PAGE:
According to an article published in the American Journal of Obstetrics and Gynecology, while most women in the United States are regular users of beauty products, women of color have higher levels of chemicals from these products in their systems than white women. This is a concern since even small amounts of the chemicals pose a risk to health.
Ami R. Zota, ScD, MS, an assistant professor at George Washington University, and Bhavna Shamasunder, PhD, an assistant professor at Occidental College, performed an analysis on research into the chemicals found in beauty products and discovered that women of color tend to use more beauty products or specific products that contain higher levels of chemicals, including skin-lightening creams, hair relaxers, and feminine care products like scented douches. According to Zota, women use these products to meet Western beauty standards that are displayed in targeted ads.
Research shows that black. Latina, and Asian-American women also spend more on beauty products than the national average, and black women are more likely to feel anxious about their hair and twice as likely to be influenced by social pressure to straighten it. Hair products generally contain estrogen, which can increase the risk of early puberty and even result in uterine tumors, while skin-lightening cream includes topical steroids or mercury. Both of these chemicals can damage a woman’s health. Other chemicals found in beauty products have been linked to toxicity in endocrine, reproductive or developmental systems. These chemical are especially dangerous for women aged 18 to 34.
Zota highlighted the inclusion of formaldehyde, phthalates, parabens, lead, mercury, and triclosan as particularly damaging. Exposure to these substances can lead to disruption in endocrine and hormone levels, cancer, reproductive problems, and for children, neuro-developmental problems from exposure in the womb.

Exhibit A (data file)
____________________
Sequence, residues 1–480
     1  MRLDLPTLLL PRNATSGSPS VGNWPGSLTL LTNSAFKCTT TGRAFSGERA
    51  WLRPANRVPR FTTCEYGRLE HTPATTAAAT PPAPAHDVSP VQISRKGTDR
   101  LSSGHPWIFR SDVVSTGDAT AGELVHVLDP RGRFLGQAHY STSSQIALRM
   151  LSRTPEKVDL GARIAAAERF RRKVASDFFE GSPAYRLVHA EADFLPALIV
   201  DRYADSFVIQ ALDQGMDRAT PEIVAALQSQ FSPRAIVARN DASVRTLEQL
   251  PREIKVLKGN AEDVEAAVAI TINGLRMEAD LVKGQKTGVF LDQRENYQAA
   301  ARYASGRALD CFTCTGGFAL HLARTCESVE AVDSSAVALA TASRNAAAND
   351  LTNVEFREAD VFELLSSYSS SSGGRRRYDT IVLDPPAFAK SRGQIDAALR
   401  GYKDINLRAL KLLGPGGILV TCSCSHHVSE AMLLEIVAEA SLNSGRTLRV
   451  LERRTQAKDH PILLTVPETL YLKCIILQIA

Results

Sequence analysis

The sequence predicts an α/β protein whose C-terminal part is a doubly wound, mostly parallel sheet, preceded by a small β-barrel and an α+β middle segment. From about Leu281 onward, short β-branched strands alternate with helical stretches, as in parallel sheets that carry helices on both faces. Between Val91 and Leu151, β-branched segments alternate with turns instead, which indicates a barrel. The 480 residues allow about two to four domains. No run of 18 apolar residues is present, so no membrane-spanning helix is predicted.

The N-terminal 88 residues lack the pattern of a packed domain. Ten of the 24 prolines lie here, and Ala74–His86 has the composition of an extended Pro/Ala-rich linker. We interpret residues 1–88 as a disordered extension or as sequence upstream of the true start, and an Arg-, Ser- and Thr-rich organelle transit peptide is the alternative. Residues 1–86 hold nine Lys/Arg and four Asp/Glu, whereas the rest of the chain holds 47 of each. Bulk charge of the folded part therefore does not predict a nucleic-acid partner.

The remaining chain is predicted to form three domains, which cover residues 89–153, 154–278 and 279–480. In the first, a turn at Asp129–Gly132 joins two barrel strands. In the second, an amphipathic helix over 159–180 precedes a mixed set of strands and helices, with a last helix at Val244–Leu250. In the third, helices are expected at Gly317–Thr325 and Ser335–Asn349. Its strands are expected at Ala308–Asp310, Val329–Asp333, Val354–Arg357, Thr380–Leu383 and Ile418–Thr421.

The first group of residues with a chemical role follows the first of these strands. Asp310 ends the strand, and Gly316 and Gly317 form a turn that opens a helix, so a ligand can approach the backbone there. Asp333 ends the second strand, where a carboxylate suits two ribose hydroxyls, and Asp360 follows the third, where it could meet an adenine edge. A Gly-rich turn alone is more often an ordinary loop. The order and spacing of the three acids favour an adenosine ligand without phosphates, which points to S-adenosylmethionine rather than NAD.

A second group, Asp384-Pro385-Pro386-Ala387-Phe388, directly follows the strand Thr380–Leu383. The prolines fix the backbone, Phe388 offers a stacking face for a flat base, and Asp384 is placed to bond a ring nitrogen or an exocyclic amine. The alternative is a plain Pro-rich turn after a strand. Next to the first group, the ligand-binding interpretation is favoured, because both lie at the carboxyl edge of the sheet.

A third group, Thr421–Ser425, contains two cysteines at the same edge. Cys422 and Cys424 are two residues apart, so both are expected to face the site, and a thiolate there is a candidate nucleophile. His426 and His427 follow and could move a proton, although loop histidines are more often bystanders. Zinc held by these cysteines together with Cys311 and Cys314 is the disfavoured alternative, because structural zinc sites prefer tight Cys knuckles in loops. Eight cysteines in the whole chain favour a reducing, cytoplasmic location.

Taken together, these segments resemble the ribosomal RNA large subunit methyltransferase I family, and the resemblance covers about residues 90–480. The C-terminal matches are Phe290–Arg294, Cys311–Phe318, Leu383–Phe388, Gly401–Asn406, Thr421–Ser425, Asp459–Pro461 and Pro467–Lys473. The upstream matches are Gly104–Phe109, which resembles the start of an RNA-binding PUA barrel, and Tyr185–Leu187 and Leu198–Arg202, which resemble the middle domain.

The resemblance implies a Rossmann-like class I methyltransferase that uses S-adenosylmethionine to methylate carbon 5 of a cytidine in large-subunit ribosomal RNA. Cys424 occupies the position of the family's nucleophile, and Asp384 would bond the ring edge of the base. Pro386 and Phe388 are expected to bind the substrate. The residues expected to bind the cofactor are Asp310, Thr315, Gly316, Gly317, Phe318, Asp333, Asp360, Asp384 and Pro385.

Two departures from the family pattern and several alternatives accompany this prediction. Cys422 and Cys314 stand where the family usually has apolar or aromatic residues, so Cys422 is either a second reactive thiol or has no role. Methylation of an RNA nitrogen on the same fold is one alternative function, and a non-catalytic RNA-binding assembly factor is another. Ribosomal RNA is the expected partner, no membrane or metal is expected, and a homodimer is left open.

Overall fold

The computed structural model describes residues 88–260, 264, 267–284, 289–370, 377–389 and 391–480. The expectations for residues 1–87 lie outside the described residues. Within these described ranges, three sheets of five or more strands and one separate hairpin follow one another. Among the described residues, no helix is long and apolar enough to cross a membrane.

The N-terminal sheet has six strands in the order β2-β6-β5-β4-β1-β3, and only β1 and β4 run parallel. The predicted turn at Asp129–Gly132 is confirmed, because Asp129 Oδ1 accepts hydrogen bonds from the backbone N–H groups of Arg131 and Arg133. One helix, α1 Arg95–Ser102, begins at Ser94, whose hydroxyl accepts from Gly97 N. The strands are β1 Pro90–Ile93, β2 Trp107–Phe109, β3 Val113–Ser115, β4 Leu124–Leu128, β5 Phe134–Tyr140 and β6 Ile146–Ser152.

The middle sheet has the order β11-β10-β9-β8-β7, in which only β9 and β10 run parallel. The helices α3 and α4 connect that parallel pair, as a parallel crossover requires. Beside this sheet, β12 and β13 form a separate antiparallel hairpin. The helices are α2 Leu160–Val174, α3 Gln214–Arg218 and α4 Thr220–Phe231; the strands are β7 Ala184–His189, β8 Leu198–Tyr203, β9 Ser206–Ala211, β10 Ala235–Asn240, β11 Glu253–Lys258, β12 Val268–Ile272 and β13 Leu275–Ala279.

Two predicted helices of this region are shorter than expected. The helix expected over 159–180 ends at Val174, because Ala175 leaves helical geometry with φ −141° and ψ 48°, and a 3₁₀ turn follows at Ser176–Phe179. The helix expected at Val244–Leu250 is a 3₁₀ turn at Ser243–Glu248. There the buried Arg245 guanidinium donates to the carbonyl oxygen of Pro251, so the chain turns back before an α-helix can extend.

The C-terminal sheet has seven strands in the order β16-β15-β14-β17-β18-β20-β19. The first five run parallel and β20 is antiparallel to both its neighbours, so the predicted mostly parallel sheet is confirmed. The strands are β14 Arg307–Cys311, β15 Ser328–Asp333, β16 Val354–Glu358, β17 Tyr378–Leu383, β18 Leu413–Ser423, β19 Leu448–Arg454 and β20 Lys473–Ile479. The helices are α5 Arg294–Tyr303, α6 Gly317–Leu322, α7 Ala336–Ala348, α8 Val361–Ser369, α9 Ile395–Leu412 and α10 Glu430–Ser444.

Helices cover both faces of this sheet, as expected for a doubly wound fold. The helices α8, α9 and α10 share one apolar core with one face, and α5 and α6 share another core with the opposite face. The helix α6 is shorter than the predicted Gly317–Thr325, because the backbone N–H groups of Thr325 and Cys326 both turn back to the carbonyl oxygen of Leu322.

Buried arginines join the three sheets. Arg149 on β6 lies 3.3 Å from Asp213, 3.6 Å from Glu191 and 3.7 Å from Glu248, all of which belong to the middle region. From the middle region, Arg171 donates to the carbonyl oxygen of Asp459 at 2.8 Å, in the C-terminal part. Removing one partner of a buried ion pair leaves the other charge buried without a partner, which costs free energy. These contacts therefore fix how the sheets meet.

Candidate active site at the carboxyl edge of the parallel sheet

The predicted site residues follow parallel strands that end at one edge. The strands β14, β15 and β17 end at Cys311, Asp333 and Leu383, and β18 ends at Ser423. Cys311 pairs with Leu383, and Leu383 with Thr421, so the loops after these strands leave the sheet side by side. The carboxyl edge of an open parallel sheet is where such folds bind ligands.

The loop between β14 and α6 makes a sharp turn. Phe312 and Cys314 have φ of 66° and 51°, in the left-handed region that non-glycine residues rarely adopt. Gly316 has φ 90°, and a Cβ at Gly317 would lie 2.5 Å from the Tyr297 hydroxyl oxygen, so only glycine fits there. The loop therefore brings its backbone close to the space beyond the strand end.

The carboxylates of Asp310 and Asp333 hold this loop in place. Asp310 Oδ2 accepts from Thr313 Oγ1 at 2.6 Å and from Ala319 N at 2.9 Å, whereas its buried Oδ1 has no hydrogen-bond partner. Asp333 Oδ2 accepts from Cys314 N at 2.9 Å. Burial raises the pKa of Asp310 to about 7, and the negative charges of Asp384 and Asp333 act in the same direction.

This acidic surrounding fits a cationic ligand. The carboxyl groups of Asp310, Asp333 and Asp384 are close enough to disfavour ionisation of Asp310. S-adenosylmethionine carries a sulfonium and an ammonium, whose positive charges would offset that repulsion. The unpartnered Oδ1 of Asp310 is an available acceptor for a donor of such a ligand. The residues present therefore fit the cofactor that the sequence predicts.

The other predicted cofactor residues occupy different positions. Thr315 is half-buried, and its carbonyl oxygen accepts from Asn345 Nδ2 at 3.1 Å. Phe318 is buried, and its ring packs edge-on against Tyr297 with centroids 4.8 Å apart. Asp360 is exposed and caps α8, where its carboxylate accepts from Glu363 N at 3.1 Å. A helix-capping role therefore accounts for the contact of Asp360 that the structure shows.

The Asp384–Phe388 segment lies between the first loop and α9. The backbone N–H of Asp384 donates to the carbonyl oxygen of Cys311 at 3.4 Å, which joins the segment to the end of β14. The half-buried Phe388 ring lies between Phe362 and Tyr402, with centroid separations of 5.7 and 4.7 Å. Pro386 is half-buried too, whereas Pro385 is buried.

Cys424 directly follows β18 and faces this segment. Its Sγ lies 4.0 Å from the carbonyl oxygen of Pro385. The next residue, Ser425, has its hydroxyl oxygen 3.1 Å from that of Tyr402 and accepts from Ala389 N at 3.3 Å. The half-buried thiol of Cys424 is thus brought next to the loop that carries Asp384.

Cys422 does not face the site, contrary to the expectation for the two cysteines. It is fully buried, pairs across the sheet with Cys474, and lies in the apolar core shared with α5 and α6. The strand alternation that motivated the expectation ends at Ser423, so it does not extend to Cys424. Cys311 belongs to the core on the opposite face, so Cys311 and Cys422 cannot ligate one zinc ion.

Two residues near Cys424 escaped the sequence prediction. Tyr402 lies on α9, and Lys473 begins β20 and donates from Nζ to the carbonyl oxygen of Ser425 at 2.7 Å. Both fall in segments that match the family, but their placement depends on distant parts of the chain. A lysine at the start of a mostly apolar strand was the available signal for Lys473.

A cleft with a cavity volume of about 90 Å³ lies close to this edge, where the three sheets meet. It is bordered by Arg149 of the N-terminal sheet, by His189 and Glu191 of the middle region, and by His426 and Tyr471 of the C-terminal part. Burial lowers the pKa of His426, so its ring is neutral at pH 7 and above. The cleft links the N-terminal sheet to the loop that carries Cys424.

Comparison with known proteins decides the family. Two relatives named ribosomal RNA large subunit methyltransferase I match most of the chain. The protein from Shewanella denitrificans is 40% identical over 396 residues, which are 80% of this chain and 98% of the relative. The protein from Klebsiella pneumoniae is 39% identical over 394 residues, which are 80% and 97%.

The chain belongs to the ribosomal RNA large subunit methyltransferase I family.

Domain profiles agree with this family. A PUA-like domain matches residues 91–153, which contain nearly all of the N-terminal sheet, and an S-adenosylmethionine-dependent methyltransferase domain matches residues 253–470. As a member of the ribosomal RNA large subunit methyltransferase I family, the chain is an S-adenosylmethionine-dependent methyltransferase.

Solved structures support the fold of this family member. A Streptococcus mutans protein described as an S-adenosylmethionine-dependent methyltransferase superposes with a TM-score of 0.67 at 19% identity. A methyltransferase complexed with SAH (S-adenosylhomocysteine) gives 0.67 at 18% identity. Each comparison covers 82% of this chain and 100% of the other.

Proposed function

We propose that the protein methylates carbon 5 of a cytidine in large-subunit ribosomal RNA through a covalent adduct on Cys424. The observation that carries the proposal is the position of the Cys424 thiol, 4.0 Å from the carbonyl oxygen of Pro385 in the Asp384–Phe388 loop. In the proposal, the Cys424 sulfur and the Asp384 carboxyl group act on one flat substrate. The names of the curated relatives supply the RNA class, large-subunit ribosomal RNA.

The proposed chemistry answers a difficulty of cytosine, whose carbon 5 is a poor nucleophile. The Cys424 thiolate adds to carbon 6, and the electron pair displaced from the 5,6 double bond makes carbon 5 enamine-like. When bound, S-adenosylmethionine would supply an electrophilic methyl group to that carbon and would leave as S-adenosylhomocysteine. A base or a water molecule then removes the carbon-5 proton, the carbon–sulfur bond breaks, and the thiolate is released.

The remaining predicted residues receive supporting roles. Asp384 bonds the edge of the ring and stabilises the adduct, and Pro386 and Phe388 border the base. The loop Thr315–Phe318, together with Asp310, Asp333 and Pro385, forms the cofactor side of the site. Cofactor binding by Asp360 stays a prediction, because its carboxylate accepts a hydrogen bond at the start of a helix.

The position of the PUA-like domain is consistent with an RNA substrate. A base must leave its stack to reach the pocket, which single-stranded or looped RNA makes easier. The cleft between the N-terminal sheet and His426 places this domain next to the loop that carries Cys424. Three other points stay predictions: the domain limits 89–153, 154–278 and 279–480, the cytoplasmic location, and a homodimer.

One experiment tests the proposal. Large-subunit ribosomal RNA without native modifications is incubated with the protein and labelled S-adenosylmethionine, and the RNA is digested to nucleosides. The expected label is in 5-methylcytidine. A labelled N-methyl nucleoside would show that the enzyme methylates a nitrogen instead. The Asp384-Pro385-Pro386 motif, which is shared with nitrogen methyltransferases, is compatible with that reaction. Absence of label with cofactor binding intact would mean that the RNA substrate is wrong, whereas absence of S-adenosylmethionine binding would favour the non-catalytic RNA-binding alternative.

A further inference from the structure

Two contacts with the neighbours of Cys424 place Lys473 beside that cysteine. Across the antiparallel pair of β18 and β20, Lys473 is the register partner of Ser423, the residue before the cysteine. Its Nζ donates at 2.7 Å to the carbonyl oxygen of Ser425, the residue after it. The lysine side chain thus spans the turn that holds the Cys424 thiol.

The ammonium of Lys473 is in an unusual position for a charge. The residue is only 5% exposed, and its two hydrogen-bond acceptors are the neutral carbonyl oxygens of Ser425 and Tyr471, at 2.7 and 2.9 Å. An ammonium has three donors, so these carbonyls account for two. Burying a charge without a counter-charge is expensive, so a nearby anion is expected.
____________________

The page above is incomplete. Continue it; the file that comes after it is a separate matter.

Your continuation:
Many people assume that the chemicals in their products have been tested for toxicity before they hit shelves, but Zota points out that this is a misconception. “In most cases, limited safety testing takes place before products are entered onto the market because the cosmetic industry is largely self-regulated,” she says.
Only limited testing for toxicity is conducted before products are available for sale because the cosmetic market is self-regulated. The United States Food and Drub Administration has no requirements for approval of cosmetic products and ingredients before they go on the market. The companies who market the products have legal responsibility to ensure their safety, but the Administration can remove products if it desires.
Women of color are advised to educate themselves about this issue and to become aware that they may be at a higher risk of health damage because of the beauty products they use. They should find out what is actually in the products before buying them. EWB has a product database available online at where women can look up their favorite products to see how dangerous the chemicals they contain are. If a product is flagged in the database, women can choose similar products with less harmful ingredients.